By Josh Giegel and Shervin Pishevar, Co-Founders, Hyperloop One
"A posse ad esse. Aut viam inveniam aut faciam."
In the early morning hours of May 12, a few dozen Hyperloop One engineers and execs squeezed into a makeshift control room in a trailer under the stars in the Nevada desert to watch transportation history in the making. Ever since we started the company three years ago, we've been aimed at this moment, the instant when we achieve controlled propulsion and levitation of a Hyperloop One vehicle in a vacuum environment.
Two minutes after midnight we finally hit that milestone, the debut of the first new mode of transportation since the Wright Brothers flew over the dunes near Kitty Hawk, N.C., on a chilly morning in December 1903. Back then, only a few locals bore witness to the moment. It would be five more years before the public got to see a Wright flyer. We’re not about to wait that long. We're sharing our Kitty Hawk moment today.
Everybody there (with a group watching live from the LA office) knew how big a deal this was. Josh, twisting a champagne bottle in his hands, emotion catching every word, spoke first to the group in that control room: "I quit my job in December 2014 to come here. My wife told me that if I could find a team of people just as committed to this as I was, we would do something nobody thought possible. This is to all of you, for the time you spent away from your families, your friends, your spouses, and kids. Thank you all for the sacrifices.”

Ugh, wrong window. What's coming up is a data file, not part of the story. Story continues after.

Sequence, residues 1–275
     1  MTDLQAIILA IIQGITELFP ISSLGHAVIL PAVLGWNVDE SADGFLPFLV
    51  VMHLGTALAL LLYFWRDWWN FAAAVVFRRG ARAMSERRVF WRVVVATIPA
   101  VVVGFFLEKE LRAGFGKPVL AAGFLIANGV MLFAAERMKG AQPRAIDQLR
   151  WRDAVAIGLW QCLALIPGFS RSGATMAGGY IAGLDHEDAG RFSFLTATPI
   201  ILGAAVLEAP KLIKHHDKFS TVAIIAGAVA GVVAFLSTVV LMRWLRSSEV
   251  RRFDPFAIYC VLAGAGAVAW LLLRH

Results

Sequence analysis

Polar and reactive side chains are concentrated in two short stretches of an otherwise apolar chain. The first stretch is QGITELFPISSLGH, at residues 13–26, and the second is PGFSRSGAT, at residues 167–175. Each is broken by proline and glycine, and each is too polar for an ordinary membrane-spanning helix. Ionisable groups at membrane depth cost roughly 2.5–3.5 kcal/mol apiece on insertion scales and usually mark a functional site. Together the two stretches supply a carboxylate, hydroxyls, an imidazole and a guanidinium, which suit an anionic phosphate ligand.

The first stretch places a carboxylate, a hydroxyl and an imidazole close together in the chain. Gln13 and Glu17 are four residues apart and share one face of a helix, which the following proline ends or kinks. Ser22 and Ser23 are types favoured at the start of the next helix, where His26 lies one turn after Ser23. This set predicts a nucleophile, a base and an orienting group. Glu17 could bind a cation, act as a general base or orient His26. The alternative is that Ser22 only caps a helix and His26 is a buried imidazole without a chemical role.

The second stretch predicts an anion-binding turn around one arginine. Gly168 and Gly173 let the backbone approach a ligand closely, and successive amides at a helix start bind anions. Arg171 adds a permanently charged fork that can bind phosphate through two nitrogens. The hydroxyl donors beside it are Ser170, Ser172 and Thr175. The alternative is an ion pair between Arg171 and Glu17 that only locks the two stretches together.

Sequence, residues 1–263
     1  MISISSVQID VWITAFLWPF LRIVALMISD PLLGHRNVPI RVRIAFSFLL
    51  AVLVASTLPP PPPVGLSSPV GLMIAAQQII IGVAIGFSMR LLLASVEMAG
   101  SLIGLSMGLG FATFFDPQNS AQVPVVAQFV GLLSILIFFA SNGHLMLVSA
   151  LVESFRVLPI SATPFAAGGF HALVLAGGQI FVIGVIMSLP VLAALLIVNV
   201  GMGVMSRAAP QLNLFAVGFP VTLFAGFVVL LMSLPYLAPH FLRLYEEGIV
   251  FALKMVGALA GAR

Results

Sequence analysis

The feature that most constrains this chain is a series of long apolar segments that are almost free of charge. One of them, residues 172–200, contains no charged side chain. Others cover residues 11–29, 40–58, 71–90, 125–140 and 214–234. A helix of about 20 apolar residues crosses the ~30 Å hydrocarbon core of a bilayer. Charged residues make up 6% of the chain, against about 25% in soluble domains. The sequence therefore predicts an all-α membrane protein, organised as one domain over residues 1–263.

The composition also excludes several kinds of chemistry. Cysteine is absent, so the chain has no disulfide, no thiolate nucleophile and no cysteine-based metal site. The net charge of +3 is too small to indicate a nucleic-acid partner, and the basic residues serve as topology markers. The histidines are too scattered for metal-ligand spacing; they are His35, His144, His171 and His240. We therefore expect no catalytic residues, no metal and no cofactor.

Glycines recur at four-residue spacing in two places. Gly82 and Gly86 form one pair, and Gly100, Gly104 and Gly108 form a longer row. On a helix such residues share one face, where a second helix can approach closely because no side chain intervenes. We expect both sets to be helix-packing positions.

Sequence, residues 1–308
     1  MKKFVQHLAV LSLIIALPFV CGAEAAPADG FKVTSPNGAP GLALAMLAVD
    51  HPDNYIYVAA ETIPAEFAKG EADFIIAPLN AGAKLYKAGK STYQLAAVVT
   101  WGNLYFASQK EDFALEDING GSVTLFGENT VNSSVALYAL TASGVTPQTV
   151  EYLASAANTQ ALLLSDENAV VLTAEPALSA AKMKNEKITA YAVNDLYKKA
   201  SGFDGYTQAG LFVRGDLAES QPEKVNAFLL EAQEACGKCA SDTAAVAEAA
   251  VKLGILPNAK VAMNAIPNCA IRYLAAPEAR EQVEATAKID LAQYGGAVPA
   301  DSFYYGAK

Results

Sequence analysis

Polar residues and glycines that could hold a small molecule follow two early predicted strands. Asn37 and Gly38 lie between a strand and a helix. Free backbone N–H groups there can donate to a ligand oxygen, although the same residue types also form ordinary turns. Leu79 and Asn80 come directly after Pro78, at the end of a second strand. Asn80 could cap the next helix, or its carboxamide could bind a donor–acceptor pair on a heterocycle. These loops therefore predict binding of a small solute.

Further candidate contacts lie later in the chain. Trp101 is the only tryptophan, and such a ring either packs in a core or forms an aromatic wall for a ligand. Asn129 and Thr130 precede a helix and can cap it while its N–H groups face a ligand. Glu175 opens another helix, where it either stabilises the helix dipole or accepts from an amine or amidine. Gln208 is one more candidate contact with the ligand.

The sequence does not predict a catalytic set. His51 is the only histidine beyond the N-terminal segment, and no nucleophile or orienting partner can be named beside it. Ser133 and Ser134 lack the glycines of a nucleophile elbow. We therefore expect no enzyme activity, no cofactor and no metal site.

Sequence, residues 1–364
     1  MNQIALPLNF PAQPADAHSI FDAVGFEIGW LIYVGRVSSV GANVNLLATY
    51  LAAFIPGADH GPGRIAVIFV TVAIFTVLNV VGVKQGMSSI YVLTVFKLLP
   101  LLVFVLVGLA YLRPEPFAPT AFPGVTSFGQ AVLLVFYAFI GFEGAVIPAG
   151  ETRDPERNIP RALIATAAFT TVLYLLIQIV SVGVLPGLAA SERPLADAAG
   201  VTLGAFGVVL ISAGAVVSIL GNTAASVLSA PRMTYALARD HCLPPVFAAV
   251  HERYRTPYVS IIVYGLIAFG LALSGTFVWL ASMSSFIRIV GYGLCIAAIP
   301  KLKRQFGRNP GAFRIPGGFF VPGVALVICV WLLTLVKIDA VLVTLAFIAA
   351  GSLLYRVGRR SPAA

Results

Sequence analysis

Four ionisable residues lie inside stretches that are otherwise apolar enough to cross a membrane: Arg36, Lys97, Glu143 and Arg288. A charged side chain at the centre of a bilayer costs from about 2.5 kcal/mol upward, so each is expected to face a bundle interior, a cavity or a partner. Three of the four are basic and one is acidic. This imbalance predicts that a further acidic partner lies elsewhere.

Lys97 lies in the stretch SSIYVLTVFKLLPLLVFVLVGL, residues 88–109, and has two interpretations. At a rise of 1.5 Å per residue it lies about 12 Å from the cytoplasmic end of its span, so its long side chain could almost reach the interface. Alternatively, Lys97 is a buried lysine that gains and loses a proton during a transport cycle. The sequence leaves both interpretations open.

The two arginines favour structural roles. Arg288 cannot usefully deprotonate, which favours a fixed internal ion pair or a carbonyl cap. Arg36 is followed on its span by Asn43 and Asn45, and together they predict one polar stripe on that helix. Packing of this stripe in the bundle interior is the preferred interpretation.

“Josh,” said Shervin, “you made me cry. So did all of you. It was a crazy idea to try to do this when we started the company. We’ve been through hard times, and we’ve been through good times. The world won’t know for a little while what happened here in the deserts of Nevada tonight but we’ve all made history, and it will be recorded and we will change the world, and we will not give up."
Hyperloop One is now on the verge of the complete systems test at our DevLoop site in the desert north of Las Vegas. We’ve installed almost 1,000 feet of the linear motor in a 1,640-foot-long tube capable of reducing the air pressure down to the equivalent of 200,000 feet above sea level. Top speed will be around 250 mph. Today we’re also unveiling XP-1, the pod we’ll be using for those full systems tests over the next several months at DevLoop. XP-1 is comprised of a carbon fiber and aluminum aeroshell atop our levitating chassis, which is the business end of the vehicle, where all the performance comes from: suspension, lift, guidance and propulsion.
That May 12 test may have been short -- only 5.3 seconds, about half the duration of Orville’s first flight -- but we were only testing with 100 feet of the motor. The longer the motor, the faster we can go. Five seconds sure felt momentous that night. We were standing in the back, staring like everyone else at the video feed from inside the tube. The vacuum pump down had begun around 8 p.m. By 11:45, tube pressure was down to 100 pascals. The motor team ran some preliminary tests, edging the pod up and back a few feet at a time just to make sure the motor was working fine. We emailed the Hyperloop One team at 11:51 p.m. with the image of Orville’s first flight and a note that said, “Grab the kids, grab the dog, put the beer down, it's on!"